The v-for index should be named index. In nested v-for blocks, indices must be named index1, index2 etc.

Providing validation messages

Validation messages can be specified in two ways both of which can be combined:

  1. As the messages property of <md-vuelidated>, bound to an object containing the message for each Vuelidate constraint, e.g. :messages="{ required: 'This field is required' }".

    These messages appear below the corresponding input field.

  2. As <md-vuelidated-msg> elements, either enclosed in <md-vuelidated> tags or detached. Property constraint must be set to the Vuelidate constraint name. For detached messages, the constraint name must be qualified with the model name, see the examples below.

    Enclosed messages appear below the corresponding input field.

Enclosed messages

Using the messages property:

<md-vuelidated
    :messages="{ 
      required: 'Your mail address is required',
      email: 'Not a valid mail address',
    }">
  <md-input type="email" v-model.trim="mail" />
</md-vuelidated>

As <md-vuelidated-msg> tags:

<md-vuelidated>
  <label>Enter your email address</label>
  <md-input type="email" v-model.trim="mail" />
  <md-vuelidated-msg constraint="required">Your mail address is required</md-vuelidated-msg>
  <md-vuelidated-msg constraint="email">Not a valid mail address</md-vuelidated-msg>
</md-vuelidated>

Both methods can be combined.

Detached messages

Messages outside of <md-vuelidated> blocks need their constraint property to be qualified with the model name (often the collection name):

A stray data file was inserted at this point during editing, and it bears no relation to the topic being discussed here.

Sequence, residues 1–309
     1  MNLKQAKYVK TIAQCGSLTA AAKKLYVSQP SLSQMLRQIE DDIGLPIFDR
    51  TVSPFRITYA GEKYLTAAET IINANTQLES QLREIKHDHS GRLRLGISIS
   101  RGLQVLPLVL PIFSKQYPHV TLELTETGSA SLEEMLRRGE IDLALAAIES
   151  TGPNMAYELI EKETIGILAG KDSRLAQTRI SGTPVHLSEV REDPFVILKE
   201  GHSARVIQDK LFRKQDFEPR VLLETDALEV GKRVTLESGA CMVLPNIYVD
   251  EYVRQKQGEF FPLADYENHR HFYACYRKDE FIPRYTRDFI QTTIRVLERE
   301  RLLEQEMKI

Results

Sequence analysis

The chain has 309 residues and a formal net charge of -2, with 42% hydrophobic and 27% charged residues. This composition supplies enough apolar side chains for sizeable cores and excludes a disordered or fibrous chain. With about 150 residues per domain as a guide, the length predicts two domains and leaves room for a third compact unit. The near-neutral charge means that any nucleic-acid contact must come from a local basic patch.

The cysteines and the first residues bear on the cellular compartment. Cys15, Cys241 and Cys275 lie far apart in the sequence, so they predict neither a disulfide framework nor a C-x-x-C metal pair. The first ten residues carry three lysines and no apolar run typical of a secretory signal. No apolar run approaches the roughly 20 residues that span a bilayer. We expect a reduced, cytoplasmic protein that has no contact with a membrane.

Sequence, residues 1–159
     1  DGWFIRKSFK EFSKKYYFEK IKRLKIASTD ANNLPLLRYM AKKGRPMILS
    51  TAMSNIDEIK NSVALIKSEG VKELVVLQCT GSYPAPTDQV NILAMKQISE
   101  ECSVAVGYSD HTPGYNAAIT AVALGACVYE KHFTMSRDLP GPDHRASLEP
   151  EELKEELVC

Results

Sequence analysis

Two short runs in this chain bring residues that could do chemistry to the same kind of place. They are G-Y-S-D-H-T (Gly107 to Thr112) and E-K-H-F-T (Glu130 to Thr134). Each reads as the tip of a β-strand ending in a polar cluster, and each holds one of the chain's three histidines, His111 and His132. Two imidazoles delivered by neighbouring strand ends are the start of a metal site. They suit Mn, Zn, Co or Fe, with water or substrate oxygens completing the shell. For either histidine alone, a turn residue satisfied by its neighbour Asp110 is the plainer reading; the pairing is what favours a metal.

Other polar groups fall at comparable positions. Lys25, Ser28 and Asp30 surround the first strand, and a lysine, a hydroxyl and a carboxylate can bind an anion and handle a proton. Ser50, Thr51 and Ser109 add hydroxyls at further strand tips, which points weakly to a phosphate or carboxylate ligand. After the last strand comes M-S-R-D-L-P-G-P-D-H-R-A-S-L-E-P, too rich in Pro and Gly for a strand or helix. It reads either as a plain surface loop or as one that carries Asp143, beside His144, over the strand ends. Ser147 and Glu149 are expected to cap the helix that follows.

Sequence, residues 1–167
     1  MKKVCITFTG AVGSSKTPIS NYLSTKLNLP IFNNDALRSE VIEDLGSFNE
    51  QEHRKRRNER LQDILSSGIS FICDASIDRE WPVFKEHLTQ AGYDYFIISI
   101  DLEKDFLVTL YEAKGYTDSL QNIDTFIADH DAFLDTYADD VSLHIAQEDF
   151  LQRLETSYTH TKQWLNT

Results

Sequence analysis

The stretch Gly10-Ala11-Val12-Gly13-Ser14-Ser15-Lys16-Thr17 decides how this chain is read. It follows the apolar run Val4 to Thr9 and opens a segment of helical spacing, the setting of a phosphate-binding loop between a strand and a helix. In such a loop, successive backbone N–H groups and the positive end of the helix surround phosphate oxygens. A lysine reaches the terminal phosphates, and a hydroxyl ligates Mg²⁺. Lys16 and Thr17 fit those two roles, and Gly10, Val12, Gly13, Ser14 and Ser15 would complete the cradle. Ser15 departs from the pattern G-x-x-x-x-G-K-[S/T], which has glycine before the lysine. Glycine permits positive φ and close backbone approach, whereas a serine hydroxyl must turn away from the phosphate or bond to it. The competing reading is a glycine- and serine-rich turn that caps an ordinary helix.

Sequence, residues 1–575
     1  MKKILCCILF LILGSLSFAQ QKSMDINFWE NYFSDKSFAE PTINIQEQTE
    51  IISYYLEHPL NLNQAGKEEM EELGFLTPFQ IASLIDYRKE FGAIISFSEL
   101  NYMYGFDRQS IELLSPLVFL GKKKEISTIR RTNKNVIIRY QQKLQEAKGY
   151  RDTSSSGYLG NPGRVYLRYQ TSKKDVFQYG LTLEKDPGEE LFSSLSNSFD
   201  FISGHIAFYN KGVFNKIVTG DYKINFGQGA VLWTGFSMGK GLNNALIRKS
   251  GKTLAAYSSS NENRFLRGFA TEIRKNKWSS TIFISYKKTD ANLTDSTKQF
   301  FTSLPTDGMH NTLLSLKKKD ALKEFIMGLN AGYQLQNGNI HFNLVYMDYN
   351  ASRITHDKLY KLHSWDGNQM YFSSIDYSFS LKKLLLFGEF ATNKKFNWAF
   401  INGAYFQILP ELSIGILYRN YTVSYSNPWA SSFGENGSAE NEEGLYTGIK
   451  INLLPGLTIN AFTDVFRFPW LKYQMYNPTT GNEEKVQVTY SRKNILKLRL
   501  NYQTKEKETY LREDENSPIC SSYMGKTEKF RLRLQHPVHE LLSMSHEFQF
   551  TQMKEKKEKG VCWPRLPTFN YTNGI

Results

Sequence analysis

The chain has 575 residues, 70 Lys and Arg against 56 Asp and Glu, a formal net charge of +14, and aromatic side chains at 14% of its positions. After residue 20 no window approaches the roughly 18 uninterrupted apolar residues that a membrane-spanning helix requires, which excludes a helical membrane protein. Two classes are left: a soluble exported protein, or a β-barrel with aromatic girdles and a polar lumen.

<md-vuelidated v-for="(_, index) in comments" :key="index">
  <label>Comment</label>
  <textarea v-model="comments[index].text"></textarea>
</md-vuelidated>

<!-- Detached message, referring to collection 'comments' -->
<md-vuelidated-msg constraint="comments.maxLength">Too many comments!</md-vuelidated-msg>

Accessing validator parameters

The parameters of the constraint validator are available as a v-slot:

<md-vuelidated-msg constraint="comments.maxLength" v-slot="params">
  You may not author more than {{ params.max }} comments
</md-vuelidated-msg>

Object destructuring lets us express this more elegantly:

<md-vuelidated-msg constraint="comments.maxLength" v-slot="{ max }">
  You may not author more than {{ max }} comments
</md-vuelidated-msg>

Download Details:

Author: undecaf

Source Code: https://github.com/undecaf/vue-material-vuelidate

#vue #vuejs #javascript

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Buddha Community

Using Vuelidate More Easily in Vue Material
Chloe  Butler

Chloe Butler

1667425440

Pdf2gerb: Perl Script Converts PDF Files to Gerber format

pdf2gerb

Perl script converts PDF files to Gerber format

Pdf2Gerb generates Gerber 274X photoplotting and Excellon drill files from PDFs of a PCB. Up to three PDFs are used: the top copper layer, the bottom copper layer (for 2-sided PCBs), and an optional silk screen layer. The PDFs can be created directly from any PDF drawing software, or a PDF print driver can be used to capture the Print output if the drawing software does not directly support output to PDF.

The general workflow is as follows:

  1. Design the PCB using your favorite CAD or drawing software.
  2. Print the top and bottom copper and top silk screen layers to a PDF file.
  3. Run Pdf2Gerb on the PDFs to create Gerber and Excellon files.
  4. Use a Gerber viewer to double-check the output against the original PCB design.
  5. Make adjustments as needed.
  6. Submit the files to a PCB manufacturer.

Please note that Pdf2Gerb does NOT perform DRC (Design Rule Checks), as these will vary according to individual PCB manufacturer conventions and capabilities. Also note that Pdf2Gerb is not perfect, so the output files must always be checked before submitting them. As of version 1.6, Pdf2Gerb supports most PCB elements, such as round and square pads, round holes, traces, SMD pads, ground planes, no-fill areas, and panelization. However, because it interprets the graphical output of a Print function, there are limitations in what it can recognize (or there may be bugs).

See docs/Pdf2Gerb.pdf for install/setup, config, usage, and other info.


pdf2gerb_cfg.pm

#Pdf2Gerb config settings:
#Put this file in same folder/directory as pdf2gerb.pl itself (global settings),
#or copy to another folder/directory with PDFs if you want PCB-specific settings.